Changing the way we think about art, three North Shore artists are inspired by local experiences, culture, and the land around them
Christene Sandeson answers the phone after finishing her morning equine chores, as she calls them. The painter lives and operates her home studio on a plot of land 10 kilometres outside Truro. As of late, her property has inspired her work, especially a particular pond.
“As a child, we had a cottage and I became very good around water,” she says. “I’ve always enjoyed water for what it does; how it can be buoyant, and how it can reflect light, and how light refracts going into it. I’m always also interested in the bottom of the pond or the bottom of the ocean.”
Sandeson’s work bridges the surreal and the real in acrylic paints to offer dream-like images to the viewer. “What surprises me about all of this, throughout all of these years, is that initially I thought people responded more to realist works. Now I’m finding that people are really responding to work that are less real, because I think it gives them more room to insert their own imagination.”
While she says she doesn’t paint for an audience, she knows she has to hook the viewer and make their eye move throughout her piece. “I’m 67. If the art is going to survive beyond me, it has to speak to a wider thought and a wider group of people who might have different kinds of thoughts.”
She sees her move toward surrealistic images as a logical progression.
Years ago, she says, her friend Regina Cooper analyzed it this way: “When you’re first learning, you’re concerned with how do you do it. What are the different mediums and there’s all this learning about the how. As you progress, maybe you narrow your focus a bit. You think what is my main subject matter, what will I create? Then as you get older, I think you start thinking why am I doing this? You have to answer all those questions. I think the how, what, why takes you through different stages of understanding.”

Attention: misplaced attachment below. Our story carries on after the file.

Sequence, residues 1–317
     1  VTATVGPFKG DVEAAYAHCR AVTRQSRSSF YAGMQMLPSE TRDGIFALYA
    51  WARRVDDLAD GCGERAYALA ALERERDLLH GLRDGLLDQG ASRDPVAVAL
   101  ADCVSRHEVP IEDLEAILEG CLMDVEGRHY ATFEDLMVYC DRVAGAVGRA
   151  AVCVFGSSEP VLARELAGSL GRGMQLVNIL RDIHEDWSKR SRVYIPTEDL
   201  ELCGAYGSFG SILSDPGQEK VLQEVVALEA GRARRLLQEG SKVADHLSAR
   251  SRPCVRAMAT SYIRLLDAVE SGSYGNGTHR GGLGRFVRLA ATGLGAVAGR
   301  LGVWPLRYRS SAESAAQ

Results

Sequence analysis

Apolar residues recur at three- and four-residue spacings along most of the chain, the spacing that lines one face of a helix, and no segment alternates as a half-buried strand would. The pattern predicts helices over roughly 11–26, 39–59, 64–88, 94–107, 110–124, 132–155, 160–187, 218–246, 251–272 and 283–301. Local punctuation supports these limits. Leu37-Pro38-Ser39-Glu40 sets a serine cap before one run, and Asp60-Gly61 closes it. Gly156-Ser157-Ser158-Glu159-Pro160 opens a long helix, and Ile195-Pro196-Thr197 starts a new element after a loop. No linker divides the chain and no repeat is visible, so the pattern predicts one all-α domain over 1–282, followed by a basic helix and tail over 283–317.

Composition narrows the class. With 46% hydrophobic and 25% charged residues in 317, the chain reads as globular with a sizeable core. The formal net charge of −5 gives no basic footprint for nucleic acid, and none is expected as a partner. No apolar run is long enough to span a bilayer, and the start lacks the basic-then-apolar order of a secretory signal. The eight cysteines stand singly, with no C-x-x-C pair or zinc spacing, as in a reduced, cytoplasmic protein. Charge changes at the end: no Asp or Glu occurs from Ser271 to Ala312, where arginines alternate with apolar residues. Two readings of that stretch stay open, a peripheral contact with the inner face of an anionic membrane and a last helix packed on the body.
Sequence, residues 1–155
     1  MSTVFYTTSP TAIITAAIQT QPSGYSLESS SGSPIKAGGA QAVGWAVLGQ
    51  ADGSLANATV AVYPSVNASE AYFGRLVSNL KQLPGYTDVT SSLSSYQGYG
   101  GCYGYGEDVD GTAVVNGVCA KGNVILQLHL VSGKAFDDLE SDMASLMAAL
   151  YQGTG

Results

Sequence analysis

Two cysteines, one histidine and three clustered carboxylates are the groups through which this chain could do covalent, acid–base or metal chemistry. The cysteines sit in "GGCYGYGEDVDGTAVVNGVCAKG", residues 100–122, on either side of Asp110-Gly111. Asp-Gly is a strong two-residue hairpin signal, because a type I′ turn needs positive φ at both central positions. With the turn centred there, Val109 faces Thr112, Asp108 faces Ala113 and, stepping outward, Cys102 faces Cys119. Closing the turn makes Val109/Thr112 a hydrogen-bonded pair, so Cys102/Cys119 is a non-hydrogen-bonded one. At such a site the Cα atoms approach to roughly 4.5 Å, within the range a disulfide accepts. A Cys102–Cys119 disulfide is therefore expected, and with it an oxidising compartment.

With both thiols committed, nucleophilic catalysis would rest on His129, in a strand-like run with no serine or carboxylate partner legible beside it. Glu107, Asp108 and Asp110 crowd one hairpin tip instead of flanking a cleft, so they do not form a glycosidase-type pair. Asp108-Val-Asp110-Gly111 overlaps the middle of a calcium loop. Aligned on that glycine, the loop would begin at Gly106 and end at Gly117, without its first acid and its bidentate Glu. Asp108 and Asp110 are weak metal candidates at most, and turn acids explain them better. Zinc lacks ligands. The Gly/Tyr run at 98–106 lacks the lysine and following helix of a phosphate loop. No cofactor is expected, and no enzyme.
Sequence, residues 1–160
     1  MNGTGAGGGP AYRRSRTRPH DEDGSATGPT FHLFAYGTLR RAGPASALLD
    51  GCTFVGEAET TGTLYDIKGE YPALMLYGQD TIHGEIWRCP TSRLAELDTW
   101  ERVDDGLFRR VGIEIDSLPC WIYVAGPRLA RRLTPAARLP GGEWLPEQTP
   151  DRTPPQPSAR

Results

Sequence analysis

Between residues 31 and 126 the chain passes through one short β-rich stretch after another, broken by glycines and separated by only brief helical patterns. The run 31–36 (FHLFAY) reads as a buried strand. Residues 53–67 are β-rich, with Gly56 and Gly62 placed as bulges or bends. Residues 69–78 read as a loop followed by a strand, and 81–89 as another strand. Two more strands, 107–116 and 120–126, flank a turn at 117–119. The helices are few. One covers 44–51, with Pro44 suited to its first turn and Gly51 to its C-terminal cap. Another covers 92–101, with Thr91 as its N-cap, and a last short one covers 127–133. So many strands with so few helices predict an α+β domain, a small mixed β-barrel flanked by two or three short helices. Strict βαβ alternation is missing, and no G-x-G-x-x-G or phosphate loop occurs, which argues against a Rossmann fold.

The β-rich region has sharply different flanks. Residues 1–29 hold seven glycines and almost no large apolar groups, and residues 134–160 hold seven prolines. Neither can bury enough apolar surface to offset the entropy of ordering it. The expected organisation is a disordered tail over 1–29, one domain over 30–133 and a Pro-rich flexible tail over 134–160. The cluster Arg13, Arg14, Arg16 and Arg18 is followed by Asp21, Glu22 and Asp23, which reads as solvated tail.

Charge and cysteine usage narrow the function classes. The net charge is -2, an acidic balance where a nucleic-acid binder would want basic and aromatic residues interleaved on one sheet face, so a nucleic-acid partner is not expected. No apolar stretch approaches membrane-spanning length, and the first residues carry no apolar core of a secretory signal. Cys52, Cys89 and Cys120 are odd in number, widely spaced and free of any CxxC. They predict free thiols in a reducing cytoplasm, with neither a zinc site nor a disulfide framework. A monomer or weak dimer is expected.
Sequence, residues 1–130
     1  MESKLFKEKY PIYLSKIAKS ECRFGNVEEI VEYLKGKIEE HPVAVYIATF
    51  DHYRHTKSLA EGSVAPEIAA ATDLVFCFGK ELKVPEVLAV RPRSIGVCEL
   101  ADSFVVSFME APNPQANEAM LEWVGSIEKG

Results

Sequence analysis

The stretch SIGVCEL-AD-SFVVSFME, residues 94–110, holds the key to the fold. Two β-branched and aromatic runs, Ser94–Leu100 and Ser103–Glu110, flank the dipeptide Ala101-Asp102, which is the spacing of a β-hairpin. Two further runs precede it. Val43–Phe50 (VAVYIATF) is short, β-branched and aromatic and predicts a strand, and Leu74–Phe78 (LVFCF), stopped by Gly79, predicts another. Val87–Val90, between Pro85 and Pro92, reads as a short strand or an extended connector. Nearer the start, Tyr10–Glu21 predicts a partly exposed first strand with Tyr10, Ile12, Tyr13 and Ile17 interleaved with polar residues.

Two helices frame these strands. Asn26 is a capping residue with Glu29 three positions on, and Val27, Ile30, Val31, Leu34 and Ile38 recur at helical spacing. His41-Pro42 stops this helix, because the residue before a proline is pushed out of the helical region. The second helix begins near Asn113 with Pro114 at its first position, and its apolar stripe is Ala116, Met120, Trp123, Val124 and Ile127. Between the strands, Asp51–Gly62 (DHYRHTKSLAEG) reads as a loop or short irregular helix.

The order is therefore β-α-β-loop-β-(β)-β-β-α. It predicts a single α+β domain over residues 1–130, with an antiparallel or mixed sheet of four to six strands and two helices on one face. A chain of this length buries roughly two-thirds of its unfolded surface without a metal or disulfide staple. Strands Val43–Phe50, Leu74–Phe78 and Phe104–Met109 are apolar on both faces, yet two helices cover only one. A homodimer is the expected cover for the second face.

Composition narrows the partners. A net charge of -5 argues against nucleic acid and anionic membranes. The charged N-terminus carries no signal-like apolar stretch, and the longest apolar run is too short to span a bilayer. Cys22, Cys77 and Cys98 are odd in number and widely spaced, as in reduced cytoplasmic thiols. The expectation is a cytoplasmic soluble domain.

Find her work at christenesandesonart.ca.
COVID-19 has both slowed and ignited the professional life of Brandt Eisner. In early spring he saw the shows he had booked for 2020 cancelled as the virus stamped a question mark on the future.
“I was so devastated,” he says, “and then boom, boom, boom, the September shows just completely showed up out of nowhere. That’s a nice little reminder that the end of the world isn’t always the end of the world.”
In addition to participating in and planning a number of group shows this fall, Eisner recently became the curator at the Ice House Gallery within the Grace Jollymore Joyce Arts Centre in Tatamagouche.
“I think it’ll be great for the community to have such a burst of new things that they maybe haven’t seen before and discovering new artists that they don’t know are here in Nova Scotia,” he says.
Eisner was drawn to sculpture as a child. He started with flower arranging, encouraged by his grandmother while growing up in Chester Basin. “Somebody gave me these old calendars from the U.S. of florists who won these competitions,” he says. “It was like nothing I’ve ever seen. It basically was sculpture using a lot of found objects. It blew my mind.”